Can I Stay on My Parents' Auto Insurance Policy If I Move Out?

Written by James Hirby | Fact checked by The Law Dictionary staff |  

Although the cost of car insurance is not rising nearly as quickly as the cost of health insurance, it's nevertheless becoming increasingly difficult to find generous auto insurance policies at reasonable rates. Young drivers are at a particular disadvantage in this regard. Insurance companies tend to penalize young drivers for their supposed lack of experience behind the wheel. Pristine driving records do little to alter this calculus: In the estimation of most mainline auto insurance providers, youths with excellent driving records simply haven't yet had the chance to cause trouble on the road.

On the other hand, auto insurance companies regard middle-aged drivers with solid driving records as prime policyholders. These drivers tend to be cautious and quick to react to changing road conditions. In addition, they tend to live in safe, affluent neighborhoods with low rates of property crimes like burglary and vehicle theft. High-school students and young adults who live with their parents and "piggyback" on their household's auto insurance policies typically pay less for car insurance than young people who live on their own and must obtain their own car insurance policies.

This is especially true for young people whose parents have "bundled" policies that include multiple types of insurance under the same umbrella. Each component of a "bundled" policy may cost significantly less as part of a package than it would on its own.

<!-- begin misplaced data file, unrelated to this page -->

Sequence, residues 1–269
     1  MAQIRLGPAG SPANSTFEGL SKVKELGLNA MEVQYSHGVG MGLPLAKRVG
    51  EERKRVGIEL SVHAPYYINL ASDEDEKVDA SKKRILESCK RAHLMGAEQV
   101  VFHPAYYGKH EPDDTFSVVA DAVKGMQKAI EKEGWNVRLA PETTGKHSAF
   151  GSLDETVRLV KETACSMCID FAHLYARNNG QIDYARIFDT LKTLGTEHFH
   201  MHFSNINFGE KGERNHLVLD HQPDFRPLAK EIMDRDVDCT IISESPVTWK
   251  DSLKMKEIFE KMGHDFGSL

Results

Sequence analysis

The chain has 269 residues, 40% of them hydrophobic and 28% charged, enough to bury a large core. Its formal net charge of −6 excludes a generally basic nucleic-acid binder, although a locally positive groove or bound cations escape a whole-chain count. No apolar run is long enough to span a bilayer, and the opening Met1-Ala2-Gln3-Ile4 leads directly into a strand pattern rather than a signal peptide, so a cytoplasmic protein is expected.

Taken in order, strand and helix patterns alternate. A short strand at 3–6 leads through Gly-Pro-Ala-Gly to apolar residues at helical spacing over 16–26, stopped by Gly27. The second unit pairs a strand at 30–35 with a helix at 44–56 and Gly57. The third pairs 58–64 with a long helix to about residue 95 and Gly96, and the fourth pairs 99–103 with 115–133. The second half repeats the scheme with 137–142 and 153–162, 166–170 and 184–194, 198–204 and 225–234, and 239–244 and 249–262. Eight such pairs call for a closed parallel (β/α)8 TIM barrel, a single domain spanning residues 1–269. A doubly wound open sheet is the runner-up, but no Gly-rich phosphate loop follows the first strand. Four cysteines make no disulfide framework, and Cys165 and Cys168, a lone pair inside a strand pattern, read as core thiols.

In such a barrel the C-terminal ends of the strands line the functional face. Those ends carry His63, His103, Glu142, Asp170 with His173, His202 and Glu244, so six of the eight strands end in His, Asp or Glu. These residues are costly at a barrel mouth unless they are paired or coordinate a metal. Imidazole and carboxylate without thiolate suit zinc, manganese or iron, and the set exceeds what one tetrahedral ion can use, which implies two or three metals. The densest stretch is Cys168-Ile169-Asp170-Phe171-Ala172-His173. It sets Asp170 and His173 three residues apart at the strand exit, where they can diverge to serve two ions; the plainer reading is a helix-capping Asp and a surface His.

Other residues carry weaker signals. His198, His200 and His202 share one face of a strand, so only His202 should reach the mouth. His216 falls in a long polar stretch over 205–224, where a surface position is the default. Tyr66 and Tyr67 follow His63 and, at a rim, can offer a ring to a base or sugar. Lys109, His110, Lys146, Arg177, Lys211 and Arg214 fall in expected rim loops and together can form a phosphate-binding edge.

If your car is currently insured on your parents' policy and you're planning on moving out of your childhood home in the near future, you may be able to remain on your parents' policy. Most insurance companies encourage young people who move into separate residences to obtain their own car insurance policies. However, the definition of "separate residence" may vary between insurance providers.

If you're traveling across the state or country for college and plan on living in an on-campus dormitory, you'll be treated as though you're continuing to live at home. It's likely that you'll be able to stay on your parents' insurance even if you move into an off-campus apartment near your university. In fact, you may be able to save a substantial amount of money on car insurance by leaving your car at your parents' house while you're away. This is because your insurer will presume that you lack access to the car while you're attending classes. If you don't need your vehicle while you're at college, you should leave it at home and prohibit your friends and siblings from using it.

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